WILD GRASS: Three Stories of Change in Modern China

Ian Johnson, Author . Pantheon $24 (336p) ISBN 978-0-375-42186-0

These three intimate case studies explore how China's recent reforms have opened avenues for dissent. Johnson portrays the upsurge of popular protests as the leading edge of an inchoate grassroots movement that will ultimately threaten Communist Party rule. He is skeptical about whether the Party can accommodate or co-opt expectations arising from a nascent legal system through which grievances are supposed to be channeled. The problem he illustrates is that petitioners too often lose, no matter the justice of their cause—the legal system is hopelessly skewed in favor of the rich and connected. The three cases studies are chosen to represent the variety of experiences of ordinary Chinese. The first involves a self-educated peasant lawyer who takes on the local political elite over the excessive and illegal taxation of impoverished farmers, and mobilizes thousands in the process. The petitioner is encouraged by a court victory in one village, but the demands are defeated and the protagonist jailed when higher authorities realize the danger of his appeals. The second case pits owners of homes in the historic heart of old Beijing against city planners who want to bulldoze nearly everything old to make way for high-rise developments. The third case exposes the persecution and determined persistence in her faith of one woman who joined Falun Gong protests. Johnson won a Pulitzer in 2001, as Beijing bureau chief for the Wall Street Journal , for his coverage of Falun Gong. While it offers insight into grassroots activity in China, this local focus makes the book less useful for understanding how factional fighting within the governing elite sometimes opens opportunities for successful dissent. Agent, Chris Calhoun, Sterling Lord Literistic. (Mar. 23)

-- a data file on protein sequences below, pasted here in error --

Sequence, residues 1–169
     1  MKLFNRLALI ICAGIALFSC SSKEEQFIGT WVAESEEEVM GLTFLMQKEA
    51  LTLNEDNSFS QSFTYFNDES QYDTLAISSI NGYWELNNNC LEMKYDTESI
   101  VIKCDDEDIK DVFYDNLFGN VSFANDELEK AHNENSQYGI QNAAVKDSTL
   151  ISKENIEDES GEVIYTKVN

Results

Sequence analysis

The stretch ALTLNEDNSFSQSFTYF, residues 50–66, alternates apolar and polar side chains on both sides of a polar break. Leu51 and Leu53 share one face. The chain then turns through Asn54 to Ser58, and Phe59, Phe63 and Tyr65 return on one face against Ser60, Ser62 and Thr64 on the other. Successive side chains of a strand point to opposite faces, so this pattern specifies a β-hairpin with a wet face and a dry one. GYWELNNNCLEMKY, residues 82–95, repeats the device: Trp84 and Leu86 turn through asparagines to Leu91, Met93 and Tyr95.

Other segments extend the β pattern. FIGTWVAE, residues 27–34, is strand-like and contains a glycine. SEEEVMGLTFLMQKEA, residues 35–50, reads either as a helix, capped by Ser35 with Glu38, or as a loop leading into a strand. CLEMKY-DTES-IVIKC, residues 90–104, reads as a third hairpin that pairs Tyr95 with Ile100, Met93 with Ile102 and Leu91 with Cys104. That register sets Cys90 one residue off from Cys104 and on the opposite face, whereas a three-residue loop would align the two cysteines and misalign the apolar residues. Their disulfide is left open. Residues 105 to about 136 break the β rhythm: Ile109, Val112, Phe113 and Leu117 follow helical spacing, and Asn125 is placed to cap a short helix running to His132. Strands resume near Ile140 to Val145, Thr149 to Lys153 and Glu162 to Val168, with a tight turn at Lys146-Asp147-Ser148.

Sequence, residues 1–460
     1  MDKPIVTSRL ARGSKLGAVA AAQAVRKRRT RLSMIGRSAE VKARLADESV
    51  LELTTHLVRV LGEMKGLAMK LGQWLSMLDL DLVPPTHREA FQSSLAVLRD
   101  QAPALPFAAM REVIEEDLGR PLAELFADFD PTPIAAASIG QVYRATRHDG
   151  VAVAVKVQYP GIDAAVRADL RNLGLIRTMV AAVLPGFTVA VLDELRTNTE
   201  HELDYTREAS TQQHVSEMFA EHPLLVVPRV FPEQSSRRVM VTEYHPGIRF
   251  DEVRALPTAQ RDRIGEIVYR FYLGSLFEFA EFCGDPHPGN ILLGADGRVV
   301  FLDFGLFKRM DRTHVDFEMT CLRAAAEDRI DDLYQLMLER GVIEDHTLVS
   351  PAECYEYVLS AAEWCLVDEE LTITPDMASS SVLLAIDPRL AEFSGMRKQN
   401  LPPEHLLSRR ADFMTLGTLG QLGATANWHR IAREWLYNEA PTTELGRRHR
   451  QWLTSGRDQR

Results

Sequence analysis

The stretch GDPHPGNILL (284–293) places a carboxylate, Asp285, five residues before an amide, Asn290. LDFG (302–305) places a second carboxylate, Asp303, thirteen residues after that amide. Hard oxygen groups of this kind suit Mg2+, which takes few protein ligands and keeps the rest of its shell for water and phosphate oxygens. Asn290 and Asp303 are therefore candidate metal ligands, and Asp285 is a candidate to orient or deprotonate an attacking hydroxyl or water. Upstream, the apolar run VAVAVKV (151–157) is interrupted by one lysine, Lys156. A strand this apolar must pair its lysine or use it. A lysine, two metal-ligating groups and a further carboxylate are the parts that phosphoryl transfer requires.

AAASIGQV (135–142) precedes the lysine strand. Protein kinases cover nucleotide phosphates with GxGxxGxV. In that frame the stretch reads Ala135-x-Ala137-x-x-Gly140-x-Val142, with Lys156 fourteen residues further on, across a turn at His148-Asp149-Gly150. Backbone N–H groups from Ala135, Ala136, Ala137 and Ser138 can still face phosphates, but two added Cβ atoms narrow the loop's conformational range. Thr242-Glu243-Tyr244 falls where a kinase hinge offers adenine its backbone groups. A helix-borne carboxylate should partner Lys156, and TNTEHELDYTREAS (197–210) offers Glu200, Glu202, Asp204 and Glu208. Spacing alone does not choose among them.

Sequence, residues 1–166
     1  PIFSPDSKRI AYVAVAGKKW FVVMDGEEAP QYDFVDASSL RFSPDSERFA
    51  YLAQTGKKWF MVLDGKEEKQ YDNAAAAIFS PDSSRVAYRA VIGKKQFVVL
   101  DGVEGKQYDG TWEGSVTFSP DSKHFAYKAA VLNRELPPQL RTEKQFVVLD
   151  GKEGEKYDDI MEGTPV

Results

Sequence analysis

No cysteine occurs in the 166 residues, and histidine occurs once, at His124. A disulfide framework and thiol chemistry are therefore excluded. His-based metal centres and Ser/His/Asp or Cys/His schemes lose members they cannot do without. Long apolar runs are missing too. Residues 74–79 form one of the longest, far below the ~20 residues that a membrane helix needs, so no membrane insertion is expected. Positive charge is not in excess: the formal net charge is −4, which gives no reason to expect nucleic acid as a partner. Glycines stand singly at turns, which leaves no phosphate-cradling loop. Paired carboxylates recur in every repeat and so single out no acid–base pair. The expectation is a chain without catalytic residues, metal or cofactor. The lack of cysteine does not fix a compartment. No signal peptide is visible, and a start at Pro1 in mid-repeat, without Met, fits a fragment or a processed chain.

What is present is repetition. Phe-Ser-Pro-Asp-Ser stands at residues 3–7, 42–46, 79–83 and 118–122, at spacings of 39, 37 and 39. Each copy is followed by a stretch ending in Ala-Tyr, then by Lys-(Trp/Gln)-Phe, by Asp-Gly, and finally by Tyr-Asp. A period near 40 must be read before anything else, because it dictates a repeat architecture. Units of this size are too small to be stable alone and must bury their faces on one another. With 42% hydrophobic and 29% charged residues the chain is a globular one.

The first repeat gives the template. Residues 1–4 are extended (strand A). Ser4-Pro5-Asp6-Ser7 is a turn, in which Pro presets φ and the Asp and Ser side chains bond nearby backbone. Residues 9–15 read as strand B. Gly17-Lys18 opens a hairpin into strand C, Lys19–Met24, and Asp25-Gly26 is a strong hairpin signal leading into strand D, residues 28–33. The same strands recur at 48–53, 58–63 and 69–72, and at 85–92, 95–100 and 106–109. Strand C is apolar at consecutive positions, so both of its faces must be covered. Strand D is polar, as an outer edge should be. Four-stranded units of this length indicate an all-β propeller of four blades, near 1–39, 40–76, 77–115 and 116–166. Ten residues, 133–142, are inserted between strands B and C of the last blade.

Reviewed on: 01/12/2004
Release date: 03/01/2004
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